# Scala algorithm: Compute missing ranges

Published

## Algorithm goal

Given a set of numbers within a range, and the specified range, find the gaps that need to be filled.

## Test cases in Scala

``````assert(missingRanges(items = Nil, range = 0 until 0).isEmpty)
assert(missingRanges(items = List(0), range = 0 until 0).isEmpty)
assert(missingRanges(items = List(0), range = 0 to 0).isEmpty)
assert(missingRanges(items = Nil, range = 0 to 0).isEmpty)
assert(missingRanges(items = List(0), range = 0 to 1) == List(1 to 1))
assert(missingRanges(items = List(0, 1), range = 0 to 2) == List(2 to 2))
assert(missingRanges(items = List(0, 1, 5), range = 0 to 5) == List(2 to 4))
assert(
missingRanges(items = List(0, 7, 9, 19, 30), range = 0 to 50) ==
List(1 to 6, 8 to 8, 10 to 18, 20 to 29, 31 to 50)
)
``````

## Algorithm in Scala

11 lines of Scala (compatible versions 2.13 & 3.0), showing how concise Scala can be!

## Explanation

We use LazyLists to be able to handle possibly a larger number of items for a potentially large range.

Then, to discover the ranges that are missing, we use a Sliding / Sliding Window to find candidates and then filter them out. (this is © from www.scala-algorithms.com)

## Scala concepts & Hints

1. ### Drop, Take, dropRight, takeRight

Scala's `drop` and `take` methods typically remove or select `n` items from a collection.

``````assert(List(1, 2, 3).drop(2) == List(3))

assert(List(1, 2, 3).take(2) == List(1, 2))

assert(List(1, 2, 3).dropRight(2) == List(1))

assert(List(1, 2, 3).takeRight(2) == List(2, 3))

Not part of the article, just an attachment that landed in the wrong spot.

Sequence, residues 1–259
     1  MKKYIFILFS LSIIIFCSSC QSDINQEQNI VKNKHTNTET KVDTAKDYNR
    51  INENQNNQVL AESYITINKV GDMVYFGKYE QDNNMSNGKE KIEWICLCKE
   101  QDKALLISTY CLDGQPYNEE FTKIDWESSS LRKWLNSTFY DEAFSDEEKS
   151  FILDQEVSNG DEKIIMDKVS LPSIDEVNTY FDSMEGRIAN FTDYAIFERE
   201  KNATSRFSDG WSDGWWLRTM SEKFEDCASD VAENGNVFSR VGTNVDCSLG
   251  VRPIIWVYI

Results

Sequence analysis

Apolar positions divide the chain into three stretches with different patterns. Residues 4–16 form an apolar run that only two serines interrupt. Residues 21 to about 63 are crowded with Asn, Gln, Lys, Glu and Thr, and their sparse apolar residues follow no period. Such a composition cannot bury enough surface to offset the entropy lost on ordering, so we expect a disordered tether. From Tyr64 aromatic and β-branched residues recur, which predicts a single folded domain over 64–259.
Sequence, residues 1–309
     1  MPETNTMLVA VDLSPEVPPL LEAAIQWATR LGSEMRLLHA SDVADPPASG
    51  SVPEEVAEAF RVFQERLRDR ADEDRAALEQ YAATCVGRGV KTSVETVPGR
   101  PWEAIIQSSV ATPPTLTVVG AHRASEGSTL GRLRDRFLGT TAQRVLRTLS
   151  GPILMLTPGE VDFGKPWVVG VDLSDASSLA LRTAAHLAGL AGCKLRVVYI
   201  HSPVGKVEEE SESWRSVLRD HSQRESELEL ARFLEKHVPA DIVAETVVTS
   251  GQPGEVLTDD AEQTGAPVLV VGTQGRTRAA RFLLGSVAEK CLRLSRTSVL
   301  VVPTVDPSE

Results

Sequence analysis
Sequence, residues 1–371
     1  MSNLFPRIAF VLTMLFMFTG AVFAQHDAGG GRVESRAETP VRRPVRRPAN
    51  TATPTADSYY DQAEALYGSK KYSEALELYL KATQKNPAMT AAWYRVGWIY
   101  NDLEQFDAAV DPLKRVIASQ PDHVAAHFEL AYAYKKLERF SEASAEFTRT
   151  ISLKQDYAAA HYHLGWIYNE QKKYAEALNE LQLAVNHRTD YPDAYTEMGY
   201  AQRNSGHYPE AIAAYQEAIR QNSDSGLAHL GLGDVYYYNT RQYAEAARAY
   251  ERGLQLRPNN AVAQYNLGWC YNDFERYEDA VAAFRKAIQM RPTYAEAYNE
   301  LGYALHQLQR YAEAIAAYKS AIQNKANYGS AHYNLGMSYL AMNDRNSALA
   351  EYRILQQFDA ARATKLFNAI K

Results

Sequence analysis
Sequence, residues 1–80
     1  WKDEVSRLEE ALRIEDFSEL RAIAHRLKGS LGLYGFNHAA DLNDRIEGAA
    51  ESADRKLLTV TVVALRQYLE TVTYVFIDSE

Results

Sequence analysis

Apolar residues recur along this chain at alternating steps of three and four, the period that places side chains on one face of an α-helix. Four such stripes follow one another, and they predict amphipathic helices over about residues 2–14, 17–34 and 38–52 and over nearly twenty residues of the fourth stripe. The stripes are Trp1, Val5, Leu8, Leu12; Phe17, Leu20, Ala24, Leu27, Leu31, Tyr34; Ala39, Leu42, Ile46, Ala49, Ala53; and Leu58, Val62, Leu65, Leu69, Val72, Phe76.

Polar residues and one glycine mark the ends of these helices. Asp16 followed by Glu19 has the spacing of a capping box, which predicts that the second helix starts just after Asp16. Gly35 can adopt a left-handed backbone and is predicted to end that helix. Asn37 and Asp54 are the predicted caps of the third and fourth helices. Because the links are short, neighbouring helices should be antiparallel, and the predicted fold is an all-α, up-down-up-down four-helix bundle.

assert((1 to 5).take(2) == (1 to 2))
``````
2. ### For-comprehension

The for-comprehension is highly important syntatic enhancement in functional programming languages.

``````val Multiplier = 10

val result: List[Int] = for {
num <- List(1, 2, 3)
anotherNum <-
List(num * Multiplier - 1, num * Multiplier, num * Multiplier + 1)
} yield anotherNum + 1

assert(result == List(10, 11, 12, 20, 21, 22, 30, 31, 32))
``````
3. ### Lazy List

The 'LazyList' type (previously known as 'Stream' in Scala) is used to describe a potentially infinite list that evaluates only when necessary ('lazily').

4. ### Range

The `(1 to n)` syntax produces a "Range" which is a representation of a sequence of numbers.

``````assert((1 to 5).toString == "Range 1 to 5")

assert((1 to 5).reverse.toString() == "Range 5 to 1 by -1")

assert((1 to 5).toList == List(1, 2, 3, 4, 5))
``````
5. ### Sliding / Sliding Window

Get fixed-length sliding sub-sequences (sliding windows) from another sequence

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